Want to water less often? Try using mulch

compost around perennials
I put newspaper down first to try to smother the weeds, then layer on my mulch. Photo by Connie Oswald Stofko

by Connie Oswald Stofko

Have you gotten any rain lately? If so, lucky you!

I’ve been hearing forecasts of thunderstorms, and I happily anticipated having my rain barrels refilled. But we got only lightning. There was barely enough rain to dampen the porch– and the areas under the plastic lawn chairs stayed dry!

We’re significantly below average for precipitation, said John Farfaglia, extension educator with Cornell Cooperative Extension in Niagara County. The last summer that was comparable to this was 2002.

Rain falling in Western New York this season is being measured in hundredths of an inch. The light showers bring so little moisture that the water evaporates before it can get down to the roots of our plants, he said.

The dry weather means more work and expense for farmers, and if gardeners aren’t watering enough, plants are definitely showing the effects.

Farfaglia offered some tips on helping gardeners deal with the dry weather.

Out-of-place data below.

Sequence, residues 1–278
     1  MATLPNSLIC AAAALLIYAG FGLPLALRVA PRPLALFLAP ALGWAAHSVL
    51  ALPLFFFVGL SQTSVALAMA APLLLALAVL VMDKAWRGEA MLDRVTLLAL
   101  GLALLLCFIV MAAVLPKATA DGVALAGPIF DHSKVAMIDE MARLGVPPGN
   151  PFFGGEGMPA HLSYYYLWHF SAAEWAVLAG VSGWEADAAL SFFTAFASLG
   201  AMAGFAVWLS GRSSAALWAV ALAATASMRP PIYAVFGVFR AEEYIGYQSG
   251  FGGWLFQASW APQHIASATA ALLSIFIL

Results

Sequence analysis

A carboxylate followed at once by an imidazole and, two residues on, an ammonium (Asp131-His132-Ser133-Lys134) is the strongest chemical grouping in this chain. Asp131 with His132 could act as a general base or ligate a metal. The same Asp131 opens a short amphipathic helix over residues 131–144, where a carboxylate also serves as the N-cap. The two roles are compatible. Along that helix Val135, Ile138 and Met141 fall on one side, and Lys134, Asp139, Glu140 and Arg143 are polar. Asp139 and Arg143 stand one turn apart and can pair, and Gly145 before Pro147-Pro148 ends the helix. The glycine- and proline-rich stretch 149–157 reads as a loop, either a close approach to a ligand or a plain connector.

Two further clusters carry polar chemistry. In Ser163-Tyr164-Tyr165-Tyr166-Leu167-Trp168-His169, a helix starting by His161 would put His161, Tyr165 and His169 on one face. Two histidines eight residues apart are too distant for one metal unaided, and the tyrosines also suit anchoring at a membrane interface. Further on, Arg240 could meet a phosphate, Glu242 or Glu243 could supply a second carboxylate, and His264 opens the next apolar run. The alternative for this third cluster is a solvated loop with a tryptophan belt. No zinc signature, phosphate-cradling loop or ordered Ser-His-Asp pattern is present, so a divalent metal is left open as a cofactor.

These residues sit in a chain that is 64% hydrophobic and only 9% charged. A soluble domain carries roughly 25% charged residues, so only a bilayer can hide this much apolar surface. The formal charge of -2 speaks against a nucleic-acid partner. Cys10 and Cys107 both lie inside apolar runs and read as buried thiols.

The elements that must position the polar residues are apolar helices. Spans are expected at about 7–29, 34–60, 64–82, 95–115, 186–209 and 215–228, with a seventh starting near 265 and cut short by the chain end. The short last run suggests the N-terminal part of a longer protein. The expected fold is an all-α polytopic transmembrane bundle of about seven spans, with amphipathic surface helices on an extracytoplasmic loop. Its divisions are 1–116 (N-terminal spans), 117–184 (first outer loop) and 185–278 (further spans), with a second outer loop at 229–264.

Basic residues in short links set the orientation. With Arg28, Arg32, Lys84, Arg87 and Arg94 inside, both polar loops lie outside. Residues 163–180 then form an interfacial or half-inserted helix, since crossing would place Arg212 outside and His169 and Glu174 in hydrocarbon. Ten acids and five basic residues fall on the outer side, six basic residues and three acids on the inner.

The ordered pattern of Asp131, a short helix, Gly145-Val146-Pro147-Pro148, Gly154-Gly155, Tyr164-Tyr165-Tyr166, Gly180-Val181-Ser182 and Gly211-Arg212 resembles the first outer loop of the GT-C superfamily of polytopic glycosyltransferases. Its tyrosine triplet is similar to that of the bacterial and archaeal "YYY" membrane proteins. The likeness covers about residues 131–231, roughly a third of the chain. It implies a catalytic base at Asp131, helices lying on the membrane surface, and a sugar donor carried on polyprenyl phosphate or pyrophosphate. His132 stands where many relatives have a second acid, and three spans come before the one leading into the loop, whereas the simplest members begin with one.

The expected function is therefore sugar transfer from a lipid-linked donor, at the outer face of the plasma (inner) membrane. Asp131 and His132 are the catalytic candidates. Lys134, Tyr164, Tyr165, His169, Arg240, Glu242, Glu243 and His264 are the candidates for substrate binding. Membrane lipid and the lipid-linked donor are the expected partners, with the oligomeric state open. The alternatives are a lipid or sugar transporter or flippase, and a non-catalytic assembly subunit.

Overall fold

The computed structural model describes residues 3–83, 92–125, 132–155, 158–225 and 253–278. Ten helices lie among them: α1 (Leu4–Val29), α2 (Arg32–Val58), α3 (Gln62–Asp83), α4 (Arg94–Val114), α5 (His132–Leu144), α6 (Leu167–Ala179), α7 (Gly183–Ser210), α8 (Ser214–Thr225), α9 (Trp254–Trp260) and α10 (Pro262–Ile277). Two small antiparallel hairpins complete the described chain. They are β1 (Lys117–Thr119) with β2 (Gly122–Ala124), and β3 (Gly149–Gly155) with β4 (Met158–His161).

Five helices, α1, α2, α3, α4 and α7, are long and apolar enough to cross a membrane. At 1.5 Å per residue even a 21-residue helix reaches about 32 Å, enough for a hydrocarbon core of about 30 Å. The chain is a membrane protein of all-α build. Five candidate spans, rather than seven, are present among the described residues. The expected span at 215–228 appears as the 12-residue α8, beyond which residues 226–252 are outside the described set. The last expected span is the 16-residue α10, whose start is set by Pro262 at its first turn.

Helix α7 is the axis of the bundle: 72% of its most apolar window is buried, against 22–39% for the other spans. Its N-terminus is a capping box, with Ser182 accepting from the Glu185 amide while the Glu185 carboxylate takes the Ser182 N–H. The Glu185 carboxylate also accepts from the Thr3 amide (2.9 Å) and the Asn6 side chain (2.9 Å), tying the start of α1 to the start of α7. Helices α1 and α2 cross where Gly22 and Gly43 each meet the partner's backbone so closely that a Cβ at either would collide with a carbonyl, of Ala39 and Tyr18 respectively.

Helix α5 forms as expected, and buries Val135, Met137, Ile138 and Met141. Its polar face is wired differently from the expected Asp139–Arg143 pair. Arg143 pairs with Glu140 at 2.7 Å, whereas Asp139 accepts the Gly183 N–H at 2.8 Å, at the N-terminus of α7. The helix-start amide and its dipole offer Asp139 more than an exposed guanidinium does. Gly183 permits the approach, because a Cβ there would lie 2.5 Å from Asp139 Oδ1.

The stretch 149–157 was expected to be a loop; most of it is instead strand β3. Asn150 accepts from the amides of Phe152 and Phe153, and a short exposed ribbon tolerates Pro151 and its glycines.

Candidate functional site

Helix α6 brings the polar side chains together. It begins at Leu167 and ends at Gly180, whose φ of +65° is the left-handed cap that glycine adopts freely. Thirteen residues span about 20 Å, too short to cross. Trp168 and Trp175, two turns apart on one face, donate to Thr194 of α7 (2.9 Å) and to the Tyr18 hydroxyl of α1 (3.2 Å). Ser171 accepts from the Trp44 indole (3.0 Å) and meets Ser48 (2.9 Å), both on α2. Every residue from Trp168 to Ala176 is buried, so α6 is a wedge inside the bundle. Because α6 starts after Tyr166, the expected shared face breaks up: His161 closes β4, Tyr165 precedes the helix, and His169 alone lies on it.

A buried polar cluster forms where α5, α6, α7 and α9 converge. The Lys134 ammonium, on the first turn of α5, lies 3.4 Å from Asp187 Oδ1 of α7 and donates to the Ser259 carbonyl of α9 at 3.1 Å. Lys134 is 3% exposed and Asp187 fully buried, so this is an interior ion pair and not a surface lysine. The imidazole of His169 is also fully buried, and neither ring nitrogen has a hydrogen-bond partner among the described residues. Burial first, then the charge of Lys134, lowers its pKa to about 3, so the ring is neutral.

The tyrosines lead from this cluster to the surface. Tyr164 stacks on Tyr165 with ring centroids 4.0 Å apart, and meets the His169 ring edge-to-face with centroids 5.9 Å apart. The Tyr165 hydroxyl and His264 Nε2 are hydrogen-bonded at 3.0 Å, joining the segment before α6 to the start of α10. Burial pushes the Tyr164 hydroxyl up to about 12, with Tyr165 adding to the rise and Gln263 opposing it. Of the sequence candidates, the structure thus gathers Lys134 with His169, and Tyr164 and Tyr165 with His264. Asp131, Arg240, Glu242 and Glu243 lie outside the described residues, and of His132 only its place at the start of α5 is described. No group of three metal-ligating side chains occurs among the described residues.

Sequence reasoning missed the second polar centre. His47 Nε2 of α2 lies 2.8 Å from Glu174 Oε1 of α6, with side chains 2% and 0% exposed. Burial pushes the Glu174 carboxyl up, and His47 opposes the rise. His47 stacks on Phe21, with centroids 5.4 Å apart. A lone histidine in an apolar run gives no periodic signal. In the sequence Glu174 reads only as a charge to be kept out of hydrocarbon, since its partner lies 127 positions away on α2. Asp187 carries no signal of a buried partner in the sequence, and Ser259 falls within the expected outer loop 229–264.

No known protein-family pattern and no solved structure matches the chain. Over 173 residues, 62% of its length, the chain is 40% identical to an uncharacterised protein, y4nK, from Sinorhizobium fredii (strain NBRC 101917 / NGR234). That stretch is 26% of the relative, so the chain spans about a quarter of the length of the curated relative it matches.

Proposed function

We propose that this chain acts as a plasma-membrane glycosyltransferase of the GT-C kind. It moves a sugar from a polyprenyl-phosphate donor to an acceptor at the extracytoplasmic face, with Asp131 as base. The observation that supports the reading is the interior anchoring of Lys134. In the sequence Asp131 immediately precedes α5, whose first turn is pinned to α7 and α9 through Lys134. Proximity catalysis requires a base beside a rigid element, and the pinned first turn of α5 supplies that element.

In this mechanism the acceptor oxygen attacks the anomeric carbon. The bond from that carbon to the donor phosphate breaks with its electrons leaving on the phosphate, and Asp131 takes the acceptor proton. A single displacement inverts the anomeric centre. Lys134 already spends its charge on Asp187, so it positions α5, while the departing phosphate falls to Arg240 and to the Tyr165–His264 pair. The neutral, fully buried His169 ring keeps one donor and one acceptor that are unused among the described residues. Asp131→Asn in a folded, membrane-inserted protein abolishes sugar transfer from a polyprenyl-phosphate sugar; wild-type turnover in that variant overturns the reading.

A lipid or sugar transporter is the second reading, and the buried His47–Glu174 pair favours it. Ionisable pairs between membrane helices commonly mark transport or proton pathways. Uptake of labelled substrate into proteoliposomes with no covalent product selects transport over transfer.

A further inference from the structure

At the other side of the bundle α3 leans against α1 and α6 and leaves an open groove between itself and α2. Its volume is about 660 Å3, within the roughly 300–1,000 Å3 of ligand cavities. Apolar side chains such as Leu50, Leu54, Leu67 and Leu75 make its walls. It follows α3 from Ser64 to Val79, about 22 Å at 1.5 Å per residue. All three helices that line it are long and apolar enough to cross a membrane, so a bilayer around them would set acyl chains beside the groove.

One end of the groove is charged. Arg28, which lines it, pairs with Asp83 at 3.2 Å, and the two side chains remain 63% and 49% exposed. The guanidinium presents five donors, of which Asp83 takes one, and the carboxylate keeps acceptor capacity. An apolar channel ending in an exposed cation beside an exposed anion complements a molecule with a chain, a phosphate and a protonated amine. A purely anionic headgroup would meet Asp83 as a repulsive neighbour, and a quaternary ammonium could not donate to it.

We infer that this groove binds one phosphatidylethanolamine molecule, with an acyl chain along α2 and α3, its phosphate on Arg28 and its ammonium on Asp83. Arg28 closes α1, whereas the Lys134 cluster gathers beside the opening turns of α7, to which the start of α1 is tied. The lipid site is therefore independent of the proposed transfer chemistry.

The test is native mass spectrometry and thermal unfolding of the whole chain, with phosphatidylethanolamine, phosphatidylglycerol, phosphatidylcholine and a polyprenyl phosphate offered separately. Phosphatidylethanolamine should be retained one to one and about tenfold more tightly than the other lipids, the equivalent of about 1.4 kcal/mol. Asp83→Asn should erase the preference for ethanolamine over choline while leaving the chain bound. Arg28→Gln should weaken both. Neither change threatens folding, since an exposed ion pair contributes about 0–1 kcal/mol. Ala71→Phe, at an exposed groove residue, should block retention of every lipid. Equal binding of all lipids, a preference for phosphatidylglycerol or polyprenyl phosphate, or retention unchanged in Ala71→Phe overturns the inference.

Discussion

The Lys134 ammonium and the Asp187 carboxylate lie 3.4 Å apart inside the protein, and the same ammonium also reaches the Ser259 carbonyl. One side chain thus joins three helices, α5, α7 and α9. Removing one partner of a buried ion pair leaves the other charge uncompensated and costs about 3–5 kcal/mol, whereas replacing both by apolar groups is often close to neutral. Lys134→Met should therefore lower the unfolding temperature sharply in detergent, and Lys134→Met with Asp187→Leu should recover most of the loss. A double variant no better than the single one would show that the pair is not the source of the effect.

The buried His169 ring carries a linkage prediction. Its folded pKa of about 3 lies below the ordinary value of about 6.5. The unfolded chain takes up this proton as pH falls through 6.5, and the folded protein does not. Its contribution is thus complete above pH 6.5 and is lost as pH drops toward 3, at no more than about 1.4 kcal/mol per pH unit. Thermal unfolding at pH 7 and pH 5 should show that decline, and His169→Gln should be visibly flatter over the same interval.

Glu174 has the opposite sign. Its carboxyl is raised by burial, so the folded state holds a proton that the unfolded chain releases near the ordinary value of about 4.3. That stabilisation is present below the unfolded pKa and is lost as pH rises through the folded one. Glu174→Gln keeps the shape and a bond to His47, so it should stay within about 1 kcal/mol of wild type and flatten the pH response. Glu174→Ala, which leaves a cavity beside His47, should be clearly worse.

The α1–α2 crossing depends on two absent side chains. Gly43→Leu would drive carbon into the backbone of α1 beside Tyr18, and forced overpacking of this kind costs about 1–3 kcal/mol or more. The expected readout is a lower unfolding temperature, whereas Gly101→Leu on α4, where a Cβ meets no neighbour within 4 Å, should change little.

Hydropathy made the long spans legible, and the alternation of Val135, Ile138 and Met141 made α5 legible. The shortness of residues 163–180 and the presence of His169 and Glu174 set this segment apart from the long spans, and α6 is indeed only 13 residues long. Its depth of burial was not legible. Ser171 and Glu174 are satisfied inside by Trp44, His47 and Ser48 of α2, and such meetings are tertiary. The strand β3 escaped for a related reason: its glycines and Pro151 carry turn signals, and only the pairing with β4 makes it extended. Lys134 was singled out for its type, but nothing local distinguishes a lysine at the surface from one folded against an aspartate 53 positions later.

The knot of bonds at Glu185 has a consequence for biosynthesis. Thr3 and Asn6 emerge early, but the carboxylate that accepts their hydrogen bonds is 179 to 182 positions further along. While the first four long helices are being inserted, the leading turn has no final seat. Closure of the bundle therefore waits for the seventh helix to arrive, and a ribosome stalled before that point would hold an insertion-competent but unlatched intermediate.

To be efficient, don’t use a sprinkler. If you use a sprinkler, especially on windy days or days with low humidity, you’ll lose a lot of water to evaporation.

It’s much more efficient to hand water, setting your hose on low and aiming the water near the base of the plant. Water deeply. Soaker hoses are good, too. See more details on watering deeply in a previous article.

It’s also best to water early in the morning, Farfaglia said. You won’t lose as much water to evaporation as you will later in the day.

Watering after the sun goes down isn’t as good because it can promote disease, he said, but it’s okay to water at night once in awhile.

Don’t forget about mulching around your plant. While many of us use mulch to keep down weeds or just make the garden look neater, it also has the benefit of holding water in the soil, Farfaglia noted. It’s not too late to mulch.

Anything that slows down water loss is good because your plant won’t be under drought stress as often, he said. And you won’t have to water as often.

I’ll add one more tip of my own. Try to walk around your yard once a day looking carefully at each plant.

Although I have spent time every day watering my plants, I guess I got distracted by other plants that were currently in bloom and  overlooked a shrub that was finished blooming. That mock orange is one of my favorites because it gets such fragrant flowers, but I was disappointed to see it had wilted and shriveled leaves.

Tour your gardens carefully to make sure you don’t miss anything.



3 Comments on “Want to water less often? Try using mulch

  1. Hi Connie, in my chilli plants I have lots of chilli but they are all curly & even the leaves are curly, what can I do please advice. Thank you, best regards. Tanjila

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